Don’t Fear the Commenters: One Startup's Experience With Reddit Ads

Tab For a Cause says native ads have led to more loyal users but platform has fewer targeting options than rivals
October 02, 2018 at 12:26 pm UTC

With forums featuring controversial content such as “/r/whitenationalism” and /r/gentilesunited,” Reddit Inc. appears to be a potential minefield for advertisers.

California-based startup Tab For a Cause CEO Alex Groth was certainly concerned when looking at Reddit as a potential new advertising outlet after seeing other advertisers’ campaigns attracting user comments that often included profanity.

But, as Groth points out, Tab For a Cause seeks out engaged users for its own platform, which develops a browser extension to help people donate to charity, and Reddit is known for its passionate base of 330 million monthly users. Reddit also allows advertisers to enable users comments on native advertisements.

As a startup co-founder, Groth was used to taking risks, so he decided to let users comment on Tab For a Cause’s ads.

“We’re a fairly transparent company, so we’re really trying to put ourselves out there and directly engage in the negative comments with thoughts about what we’re doing,” Groth said in an interview.

The risks paid off: Reddit has been the company’s best advertising platform for user acquisition, Groth said, and it has been getting “better ad rates than we see on Facebook or Google, partly because there’s a little bit less competition on Reddit’s platform right now.”

In the past year, Reddit has ramped up its advertising efforts, specifically through native ads and brand-promoted “Ask Me Anythings,” or AMAs. For native ads, advertisers are able to buy an ad that looks and in many ways acts like a typical Reddit post. Advertisers have their own user account; they can build up “karma points,” a measurement that gauges how a user's content is received by other users; and they can leave the comment section open so they can interact with other users.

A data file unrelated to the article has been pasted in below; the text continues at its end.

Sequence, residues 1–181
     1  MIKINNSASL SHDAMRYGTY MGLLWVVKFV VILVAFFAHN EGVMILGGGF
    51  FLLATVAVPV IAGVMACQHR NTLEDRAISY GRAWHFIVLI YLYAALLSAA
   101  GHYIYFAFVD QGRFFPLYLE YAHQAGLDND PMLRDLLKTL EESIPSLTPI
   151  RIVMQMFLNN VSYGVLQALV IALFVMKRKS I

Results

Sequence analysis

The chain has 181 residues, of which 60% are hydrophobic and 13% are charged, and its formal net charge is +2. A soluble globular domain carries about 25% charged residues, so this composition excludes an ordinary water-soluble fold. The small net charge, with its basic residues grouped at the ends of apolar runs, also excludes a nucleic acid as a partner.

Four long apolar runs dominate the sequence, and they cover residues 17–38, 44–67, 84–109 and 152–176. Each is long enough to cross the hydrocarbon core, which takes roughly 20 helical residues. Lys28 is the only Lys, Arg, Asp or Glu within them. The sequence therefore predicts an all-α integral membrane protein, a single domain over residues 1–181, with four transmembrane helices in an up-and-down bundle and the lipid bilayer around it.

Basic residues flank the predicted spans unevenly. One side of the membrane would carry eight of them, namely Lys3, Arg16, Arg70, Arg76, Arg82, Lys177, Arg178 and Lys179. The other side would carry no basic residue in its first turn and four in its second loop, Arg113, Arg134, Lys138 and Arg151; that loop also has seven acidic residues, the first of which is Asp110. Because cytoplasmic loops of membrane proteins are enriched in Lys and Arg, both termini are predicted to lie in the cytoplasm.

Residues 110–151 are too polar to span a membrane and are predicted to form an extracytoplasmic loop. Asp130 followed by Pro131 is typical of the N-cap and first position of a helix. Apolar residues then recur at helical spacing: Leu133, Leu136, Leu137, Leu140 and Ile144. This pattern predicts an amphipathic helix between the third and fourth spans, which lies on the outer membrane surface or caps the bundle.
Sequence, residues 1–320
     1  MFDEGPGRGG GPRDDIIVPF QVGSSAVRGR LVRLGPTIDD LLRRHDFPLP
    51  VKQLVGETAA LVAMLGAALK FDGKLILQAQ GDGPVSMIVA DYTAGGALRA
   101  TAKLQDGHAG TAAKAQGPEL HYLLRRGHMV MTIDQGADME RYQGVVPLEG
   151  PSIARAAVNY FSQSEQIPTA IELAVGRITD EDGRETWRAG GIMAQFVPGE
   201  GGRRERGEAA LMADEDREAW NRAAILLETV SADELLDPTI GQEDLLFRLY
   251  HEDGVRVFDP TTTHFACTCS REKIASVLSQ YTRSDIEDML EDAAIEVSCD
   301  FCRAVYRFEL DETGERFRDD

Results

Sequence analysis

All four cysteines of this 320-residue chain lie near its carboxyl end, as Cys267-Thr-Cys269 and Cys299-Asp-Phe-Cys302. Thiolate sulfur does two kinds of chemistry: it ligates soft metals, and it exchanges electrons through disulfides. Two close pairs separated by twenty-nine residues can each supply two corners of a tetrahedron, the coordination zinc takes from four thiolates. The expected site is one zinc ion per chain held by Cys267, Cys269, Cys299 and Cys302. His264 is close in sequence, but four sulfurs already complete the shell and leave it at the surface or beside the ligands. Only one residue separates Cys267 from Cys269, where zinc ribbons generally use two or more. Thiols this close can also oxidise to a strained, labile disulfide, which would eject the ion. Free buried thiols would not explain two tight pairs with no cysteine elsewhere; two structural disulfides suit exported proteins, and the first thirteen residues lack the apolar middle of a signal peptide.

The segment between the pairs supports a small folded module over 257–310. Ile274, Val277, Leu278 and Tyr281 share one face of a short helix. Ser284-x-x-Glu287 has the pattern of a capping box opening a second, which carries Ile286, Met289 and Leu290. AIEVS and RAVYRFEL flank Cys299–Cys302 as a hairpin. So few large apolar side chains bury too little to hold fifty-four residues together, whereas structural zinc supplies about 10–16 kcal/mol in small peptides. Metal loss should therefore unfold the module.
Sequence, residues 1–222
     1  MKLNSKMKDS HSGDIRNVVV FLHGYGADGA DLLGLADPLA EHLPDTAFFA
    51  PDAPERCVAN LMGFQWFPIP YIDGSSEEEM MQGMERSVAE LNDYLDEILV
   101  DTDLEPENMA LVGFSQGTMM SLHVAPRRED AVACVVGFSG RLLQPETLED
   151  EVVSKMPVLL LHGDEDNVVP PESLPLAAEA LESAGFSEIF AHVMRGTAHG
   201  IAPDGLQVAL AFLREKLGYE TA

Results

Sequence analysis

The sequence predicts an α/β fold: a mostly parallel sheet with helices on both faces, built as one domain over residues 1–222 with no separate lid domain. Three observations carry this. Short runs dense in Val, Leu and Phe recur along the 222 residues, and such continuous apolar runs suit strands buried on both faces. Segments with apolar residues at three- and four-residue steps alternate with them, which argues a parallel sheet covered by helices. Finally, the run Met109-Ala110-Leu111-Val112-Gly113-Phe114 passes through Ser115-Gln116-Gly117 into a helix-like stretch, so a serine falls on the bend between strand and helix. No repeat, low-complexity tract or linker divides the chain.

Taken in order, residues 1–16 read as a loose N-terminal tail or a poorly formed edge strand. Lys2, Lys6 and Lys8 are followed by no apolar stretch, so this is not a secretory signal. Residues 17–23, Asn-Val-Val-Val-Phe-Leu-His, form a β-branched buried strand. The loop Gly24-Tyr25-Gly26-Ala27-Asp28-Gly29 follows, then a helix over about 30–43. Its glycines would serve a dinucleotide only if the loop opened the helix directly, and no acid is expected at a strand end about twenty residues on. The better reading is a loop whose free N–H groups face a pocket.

Reddit, which arrived later to the advertising game than other social media platforms, has many safety rails in place for ads, such as layered targeting and blacklisting and whitelisting subreddits for the site’s advertisers, said Zubair Jandali, the company’s vice president of brand partnerships.

Advertisers are able to target a specific set of subreddits in native ads, or they can work with Reddit to target a group of subreddits based on the type of consumer they’re targeting. In that case, Reddit has both a whitelist and blacklist of subreddits dictating where campaigns can appear. Each ad also goes through several review cycles, with at least two operated by human moderators and others conducted by software tests.

If Facebook is people you know talking about things you don’t care about, then Reddit is people you don’t know talking about things you do care about.

Zubair Jandali, Reddit vice president of brand partnerships

Jandali said when Reddit talks to brands about advertising on the platform, it emphasizes the site’s 130,000 active communities, each based on a specific topic, which make it easier for a brand to target its key customer base. Reddit targets brands that are keen on “engaging in ways that are unorthodox,” he said, as the idea of brands chatting with potential new customers through an advertisement is still considered atypical.

“If Facebook is people you know talking about things you don’t care about, then Reddit is people you don’t know talking about things you do care about,” he said. “For brands, that’s a really highly coveted environment because what brands are ultimately trying to do is align around passion points.”

Typically, companies that have a short product life cycle do really well on Reddit, so naturally that includes technology products, Jandali said -- however, advertisers have included companies from other industries, such as Toyota Motor Corp.